Lifestyle

Arlington mom rappels down Rainier Tower to benefit Special Olympics

Arlington resident Sandy Catiis makes her way down the Rainier Tower in Seattle on Saturday, Aug. 14, during the “Over the Edge” fundraiser for Special Olympics Washington. - Courtesy Photo
Arlington resident Sandy Catiis makes her way down the Rainier Tower in Seattle on Saturday, Aug. 14, during the “Over the Edge” fundraiser for Special Olympics Washington.
— image credit: Courtesy Photo

SEATTLE — Sandy Catiis was nervous when she climbed the Rainier Tower, but her son kept her motivated.

“I thought of how many challenges Josh faces on a daily basis,” said Catiis, an Arlington resident. “I should be able to face this fear, be brave and complete the challenge at hand. For the Arlington Eagles Special Olympic Team — my inspiration — I did it.”

With her 22-year-old son, who has autism, cheering her on, Catiis recently rappelled down the side of the 500-foot Seattle skyscraper during Special Olympics Washington’s “Over the Edge” fundraiser.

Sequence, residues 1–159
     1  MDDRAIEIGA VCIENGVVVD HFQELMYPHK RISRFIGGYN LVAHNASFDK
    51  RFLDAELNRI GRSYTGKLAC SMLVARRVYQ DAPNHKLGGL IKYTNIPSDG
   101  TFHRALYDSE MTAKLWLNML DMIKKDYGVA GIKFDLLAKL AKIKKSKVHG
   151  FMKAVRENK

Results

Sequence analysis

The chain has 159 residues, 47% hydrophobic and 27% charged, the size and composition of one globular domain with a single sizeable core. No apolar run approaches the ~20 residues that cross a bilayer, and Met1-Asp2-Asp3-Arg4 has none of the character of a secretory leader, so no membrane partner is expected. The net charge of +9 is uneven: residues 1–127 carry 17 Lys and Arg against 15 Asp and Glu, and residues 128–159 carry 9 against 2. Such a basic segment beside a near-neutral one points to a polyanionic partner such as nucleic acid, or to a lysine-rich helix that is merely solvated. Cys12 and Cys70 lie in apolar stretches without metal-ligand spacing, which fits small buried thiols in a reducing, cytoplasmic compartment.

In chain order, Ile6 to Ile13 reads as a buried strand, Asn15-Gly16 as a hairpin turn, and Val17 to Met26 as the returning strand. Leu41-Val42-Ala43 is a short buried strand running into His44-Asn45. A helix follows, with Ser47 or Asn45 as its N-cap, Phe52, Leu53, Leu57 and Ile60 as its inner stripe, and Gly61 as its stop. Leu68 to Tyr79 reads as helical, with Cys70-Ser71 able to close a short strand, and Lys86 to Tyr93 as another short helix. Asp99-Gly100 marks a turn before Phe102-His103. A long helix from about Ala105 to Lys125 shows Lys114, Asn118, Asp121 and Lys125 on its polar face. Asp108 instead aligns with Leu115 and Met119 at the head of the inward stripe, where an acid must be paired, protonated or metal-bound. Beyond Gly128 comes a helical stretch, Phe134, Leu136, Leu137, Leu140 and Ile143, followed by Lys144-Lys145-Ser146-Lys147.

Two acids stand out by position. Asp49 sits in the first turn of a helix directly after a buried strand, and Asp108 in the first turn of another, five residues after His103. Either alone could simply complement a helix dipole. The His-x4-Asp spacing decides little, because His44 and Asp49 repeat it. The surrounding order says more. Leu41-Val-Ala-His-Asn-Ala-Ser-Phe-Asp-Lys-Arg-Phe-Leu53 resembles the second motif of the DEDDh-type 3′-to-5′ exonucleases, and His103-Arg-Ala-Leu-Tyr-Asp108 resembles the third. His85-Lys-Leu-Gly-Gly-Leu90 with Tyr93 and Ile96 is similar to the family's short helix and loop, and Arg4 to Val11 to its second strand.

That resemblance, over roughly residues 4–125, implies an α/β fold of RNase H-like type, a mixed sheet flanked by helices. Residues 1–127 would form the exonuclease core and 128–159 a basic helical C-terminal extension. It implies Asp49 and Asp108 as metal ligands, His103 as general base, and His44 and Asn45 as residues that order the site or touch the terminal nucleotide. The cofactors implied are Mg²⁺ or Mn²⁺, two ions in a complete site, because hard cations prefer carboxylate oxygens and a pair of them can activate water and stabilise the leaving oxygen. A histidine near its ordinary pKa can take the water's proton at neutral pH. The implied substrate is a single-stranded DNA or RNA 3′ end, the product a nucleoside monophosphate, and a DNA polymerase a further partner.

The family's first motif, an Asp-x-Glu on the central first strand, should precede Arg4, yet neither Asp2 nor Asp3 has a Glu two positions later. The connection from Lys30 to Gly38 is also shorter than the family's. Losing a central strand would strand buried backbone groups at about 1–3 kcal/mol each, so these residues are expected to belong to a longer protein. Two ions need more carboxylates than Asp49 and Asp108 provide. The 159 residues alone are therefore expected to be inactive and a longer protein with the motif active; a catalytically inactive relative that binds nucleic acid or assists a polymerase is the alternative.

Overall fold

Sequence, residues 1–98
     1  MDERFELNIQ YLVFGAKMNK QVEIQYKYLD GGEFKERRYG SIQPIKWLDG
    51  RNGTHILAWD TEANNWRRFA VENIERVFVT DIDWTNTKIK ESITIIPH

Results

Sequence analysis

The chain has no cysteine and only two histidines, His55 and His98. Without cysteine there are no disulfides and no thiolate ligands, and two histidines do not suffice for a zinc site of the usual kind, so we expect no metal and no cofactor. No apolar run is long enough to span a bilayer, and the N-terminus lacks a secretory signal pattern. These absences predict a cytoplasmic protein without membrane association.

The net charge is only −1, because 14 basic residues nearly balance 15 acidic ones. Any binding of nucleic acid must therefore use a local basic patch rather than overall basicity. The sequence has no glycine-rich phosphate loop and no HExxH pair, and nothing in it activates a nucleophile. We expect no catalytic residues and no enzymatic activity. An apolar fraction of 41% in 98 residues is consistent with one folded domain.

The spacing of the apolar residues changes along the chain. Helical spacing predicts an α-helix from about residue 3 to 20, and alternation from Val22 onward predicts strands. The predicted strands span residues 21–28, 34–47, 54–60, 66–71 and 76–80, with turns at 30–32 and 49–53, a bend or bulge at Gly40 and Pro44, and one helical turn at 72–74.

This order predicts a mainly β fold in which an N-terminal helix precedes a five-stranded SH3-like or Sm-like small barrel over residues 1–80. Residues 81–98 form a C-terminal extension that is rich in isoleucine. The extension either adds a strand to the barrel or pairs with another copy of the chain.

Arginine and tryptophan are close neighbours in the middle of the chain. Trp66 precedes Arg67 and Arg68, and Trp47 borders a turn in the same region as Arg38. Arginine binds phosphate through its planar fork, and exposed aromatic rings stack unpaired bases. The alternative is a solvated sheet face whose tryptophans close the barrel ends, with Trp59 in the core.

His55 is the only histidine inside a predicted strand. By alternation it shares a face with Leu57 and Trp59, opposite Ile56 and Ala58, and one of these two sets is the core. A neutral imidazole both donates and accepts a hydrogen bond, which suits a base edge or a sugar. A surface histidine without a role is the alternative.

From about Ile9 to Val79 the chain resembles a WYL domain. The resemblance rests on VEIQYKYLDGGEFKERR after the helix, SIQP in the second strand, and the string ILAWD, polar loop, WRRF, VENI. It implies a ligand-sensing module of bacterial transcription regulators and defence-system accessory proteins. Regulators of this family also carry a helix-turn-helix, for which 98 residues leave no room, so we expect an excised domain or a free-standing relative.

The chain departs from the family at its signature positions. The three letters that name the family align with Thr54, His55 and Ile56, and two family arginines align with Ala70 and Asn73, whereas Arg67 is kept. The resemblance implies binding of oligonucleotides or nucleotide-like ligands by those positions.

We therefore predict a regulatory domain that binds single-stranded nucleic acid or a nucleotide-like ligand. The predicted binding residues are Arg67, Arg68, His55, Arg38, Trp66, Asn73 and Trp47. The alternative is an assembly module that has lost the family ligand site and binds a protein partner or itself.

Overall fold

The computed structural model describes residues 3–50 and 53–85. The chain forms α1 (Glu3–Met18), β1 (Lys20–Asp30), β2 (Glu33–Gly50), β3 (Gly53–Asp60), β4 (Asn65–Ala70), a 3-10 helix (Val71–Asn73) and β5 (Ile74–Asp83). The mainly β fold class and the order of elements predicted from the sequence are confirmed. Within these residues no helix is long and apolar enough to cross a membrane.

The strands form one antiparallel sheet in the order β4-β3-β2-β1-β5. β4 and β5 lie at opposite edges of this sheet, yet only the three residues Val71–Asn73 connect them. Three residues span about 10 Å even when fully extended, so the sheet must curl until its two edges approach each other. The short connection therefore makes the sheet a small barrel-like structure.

The event raised more than $181,000 — including $1,300 from Catiis — for the state organization.

Catiis, 49, was one of about 100 participants to take part in the downward climb on Saturday, Aug. 14, which required participants to scale down the side of the building using not much more than a harness, a helmet and a rope.

Catiis said that it took her about 20 minutes to reach the bottom of the tower.

“The hardest part for me was not going ‘Over the Edge’ — albeit that was a long way down — but about one-third of the way down I got tired and looked around,” Catiis said. “There I am, hundreds of feet in the air, dangling by a mere 1/4 inch rope.”

Participants were required to raise $1,000 in donations in order to rappel down Rainier Tower.

Beth Wojick, CEO for Special Olympics Washington, said in a letter to Over the Edge participants that their contributions were much-needed.

“Special Olympics Washington barely has our nose above water in this recession, so we were very concerned about how to pay for our team to go to (the) National Games,” Wojick said. “Over the Edge put us over the top and you all raised enough money to pay for our team of athletes to attend (the) National Games, no problem.”

With the event, organizers were hoping to raise more than $120,000 for about 7,500 Special Olympics athletes in Washington.

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